: "Flash always picked up where the browser left off, but it can't talk to your webcam, store local files, or draw pixels directly to your screen. Now, for the first time, a cluster of technologies known as HTML5 allow a standards-based pathway to busting those barriers with canvas graphics, drawing video onscreen, smarter forms, and local storage for private data. So who needs Flash?"
- It'll be interesting to see how having video support in the browser changes what we do at Pelco. I still doubt it'll be good enough for daily monitoring for a few reasons; can it support up to 16 simultaneous live video feeds with low latency (by low I mean less than 200ms from camera to display), will we be able to PTZ our cameras, what about overlays on top of the video? Those are just a few minor, minor things, but stuff we need to be able to do on the client. Even if we can't do that it'll be great for configuration and casual monitoring of live and/or playback video.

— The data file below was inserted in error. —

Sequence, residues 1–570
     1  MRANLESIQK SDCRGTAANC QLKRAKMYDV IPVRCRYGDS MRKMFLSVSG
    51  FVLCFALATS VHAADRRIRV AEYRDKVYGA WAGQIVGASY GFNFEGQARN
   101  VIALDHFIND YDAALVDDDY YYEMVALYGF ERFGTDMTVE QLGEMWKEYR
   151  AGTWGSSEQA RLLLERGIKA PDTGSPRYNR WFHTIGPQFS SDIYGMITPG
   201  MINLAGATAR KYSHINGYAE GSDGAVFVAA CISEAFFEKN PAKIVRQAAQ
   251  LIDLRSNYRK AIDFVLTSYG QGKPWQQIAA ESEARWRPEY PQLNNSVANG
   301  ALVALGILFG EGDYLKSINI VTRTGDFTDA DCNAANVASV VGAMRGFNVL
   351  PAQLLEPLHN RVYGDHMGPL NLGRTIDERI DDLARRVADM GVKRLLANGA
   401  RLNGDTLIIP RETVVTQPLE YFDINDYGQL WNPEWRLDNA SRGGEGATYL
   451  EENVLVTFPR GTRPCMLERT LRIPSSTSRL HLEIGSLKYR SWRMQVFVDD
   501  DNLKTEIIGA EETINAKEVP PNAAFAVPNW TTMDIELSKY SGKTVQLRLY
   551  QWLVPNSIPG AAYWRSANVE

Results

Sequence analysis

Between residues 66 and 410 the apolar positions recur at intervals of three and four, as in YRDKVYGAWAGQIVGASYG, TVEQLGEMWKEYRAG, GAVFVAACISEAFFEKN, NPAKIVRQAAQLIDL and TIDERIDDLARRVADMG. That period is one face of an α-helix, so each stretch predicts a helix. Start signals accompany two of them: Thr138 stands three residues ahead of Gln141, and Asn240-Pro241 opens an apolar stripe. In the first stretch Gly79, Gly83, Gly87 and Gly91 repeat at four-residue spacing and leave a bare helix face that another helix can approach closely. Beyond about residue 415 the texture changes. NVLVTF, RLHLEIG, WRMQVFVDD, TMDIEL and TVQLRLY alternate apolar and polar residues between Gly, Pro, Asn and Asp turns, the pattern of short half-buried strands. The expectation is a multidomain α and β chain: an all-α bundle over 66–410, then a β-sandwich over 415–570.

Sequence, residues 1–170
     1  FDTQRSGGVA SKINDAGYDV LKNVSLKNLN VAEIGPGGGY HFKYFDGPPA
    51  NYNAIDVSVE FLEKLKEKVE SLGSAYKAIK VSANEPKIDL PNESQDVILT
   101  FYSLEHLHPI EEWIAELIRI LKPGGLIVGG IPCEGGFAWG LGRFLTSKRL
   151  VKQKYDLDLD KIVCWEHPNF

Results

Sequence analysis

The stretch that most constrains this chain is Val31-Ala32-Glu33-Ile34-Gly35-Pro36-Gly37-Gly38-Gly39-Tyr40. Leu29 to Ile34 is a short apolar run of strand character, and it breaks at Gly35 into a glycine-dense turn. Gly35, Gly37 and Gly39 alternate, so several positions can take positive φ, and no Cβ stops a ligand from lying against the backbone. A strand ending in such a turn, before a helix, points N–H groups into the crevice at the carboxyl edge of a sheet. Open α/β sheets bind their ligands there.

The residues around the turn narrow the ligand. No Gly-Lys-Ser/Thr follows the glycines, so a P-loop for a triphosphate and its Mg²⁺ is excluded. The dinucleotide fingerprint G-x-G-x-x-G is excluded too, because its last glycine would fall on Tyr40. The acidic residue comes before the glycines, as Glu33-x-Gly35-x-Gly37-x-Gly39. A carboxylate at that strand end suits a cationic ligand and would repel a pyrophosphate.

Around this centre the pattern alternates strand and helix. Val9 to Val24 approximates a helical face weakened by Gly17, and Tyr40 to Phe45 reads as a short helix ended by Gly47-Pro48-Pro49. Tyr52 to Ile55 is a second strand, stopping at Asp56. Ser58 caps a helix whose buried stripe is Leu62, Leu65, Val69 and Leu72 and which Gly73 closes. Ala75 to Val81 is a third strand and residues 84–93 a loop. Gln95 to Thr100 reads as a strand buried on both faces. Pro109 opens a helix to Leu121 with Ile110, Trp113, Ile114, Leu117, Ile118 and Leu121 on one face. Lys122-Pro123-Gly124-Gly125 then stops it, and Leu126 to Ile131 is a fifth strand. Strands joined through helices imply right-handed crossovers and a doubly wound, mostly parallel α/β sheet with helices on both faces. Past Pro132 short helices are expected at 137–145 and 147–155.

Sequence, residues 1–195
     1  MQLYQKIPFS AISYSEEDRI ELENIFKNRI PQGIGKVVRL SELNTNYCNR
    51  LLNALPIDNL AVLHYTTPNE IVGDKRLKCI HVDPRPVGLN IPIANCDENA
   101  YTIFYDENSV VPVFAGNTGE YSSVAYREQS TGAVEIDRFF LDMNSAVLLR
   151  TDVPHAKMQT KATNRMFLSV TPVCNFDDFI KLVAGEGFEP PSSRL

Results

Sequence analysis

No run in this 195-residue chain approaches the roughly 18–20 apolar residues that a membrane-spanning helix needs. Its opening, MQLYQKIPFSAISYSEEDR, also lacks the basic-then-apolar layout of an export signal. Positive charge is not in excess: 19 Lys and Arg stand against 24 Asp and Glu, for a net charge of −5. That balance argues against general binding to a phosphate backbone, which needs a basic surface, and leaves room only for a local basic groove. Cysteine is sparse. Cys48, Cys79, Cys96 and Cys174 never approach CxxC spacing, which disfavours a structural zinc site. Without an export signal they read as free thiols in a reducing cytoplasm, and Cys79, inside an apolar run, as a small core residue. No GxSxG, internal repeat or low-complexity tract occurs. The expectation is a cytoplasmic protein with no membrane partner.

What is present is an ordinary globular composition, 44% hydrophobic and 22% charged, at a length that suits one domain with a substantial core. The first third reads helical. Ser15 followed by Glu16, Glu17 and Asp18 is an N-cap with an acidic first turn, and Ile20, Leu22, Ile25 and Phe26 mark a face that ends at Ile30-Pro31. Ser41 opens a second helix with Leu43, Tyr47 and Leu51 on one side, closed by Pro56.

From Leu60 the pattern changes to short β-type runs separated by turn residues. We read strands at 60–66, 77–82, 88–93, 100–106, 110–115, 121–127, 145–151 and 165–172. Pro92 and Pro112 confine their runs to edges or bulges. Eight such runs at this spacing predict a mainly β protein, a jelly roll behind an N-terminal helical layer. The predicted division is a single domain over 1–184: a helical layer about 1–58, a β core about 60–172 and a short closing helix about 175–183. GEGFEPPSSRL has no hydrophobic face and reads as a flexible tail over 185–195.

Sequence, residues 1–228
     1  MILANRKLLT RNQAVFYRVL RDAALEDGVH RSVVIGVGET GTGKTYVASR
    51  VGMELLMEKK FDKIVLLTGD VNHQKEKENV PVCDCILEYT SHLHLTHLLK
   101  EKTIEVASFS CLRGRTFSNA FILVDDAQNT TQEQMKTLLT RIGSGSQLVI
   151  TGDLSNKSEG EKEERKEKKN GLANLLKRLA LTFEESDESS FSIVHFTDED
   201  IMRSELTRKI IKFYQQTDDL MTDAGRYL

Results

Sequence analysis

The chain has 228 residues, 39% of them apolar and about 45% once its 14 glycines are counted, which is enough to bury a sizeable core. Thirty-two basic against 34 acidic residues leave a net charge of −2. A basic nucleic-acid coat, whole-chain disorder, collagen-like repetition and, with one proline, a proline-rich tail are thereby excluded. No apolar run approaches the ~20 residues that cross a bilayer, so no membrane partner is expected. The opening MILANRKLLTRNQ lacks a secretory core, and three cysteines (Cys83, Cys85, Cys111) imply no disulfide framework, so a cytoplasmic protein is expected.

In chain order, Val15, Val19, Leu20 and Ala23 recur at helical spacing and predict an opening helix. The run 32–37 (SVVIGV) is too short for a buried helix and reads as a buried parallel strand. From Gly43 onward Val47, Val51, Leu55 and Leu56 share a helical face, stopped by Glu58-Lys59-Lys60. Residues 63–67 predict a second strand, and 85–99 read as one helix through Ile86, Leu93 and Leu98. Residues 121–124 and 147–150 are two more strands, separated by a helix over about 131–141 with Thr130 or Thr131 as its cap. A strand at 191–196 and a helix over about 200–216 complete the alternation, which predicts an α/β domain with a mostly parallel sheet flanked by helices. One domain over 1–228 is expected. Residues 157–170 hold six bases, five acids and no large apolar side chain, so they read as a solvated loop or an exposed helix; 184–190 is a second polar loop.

Labels: HTML, Pelco, Standards, Video
The Twitter Engineering Blog
: "Welcome! I'm Ben, and I'm an engineer at Twitter. We've started this blog to show some of the cool things we're creating and tough problems we're solving."
Also, check out their photo stream on Flickr
, it's nice to be spoiled.
Labels: CSS, HTML, Java, Job, PHP, Python, Ruby, Twitter, Weblogging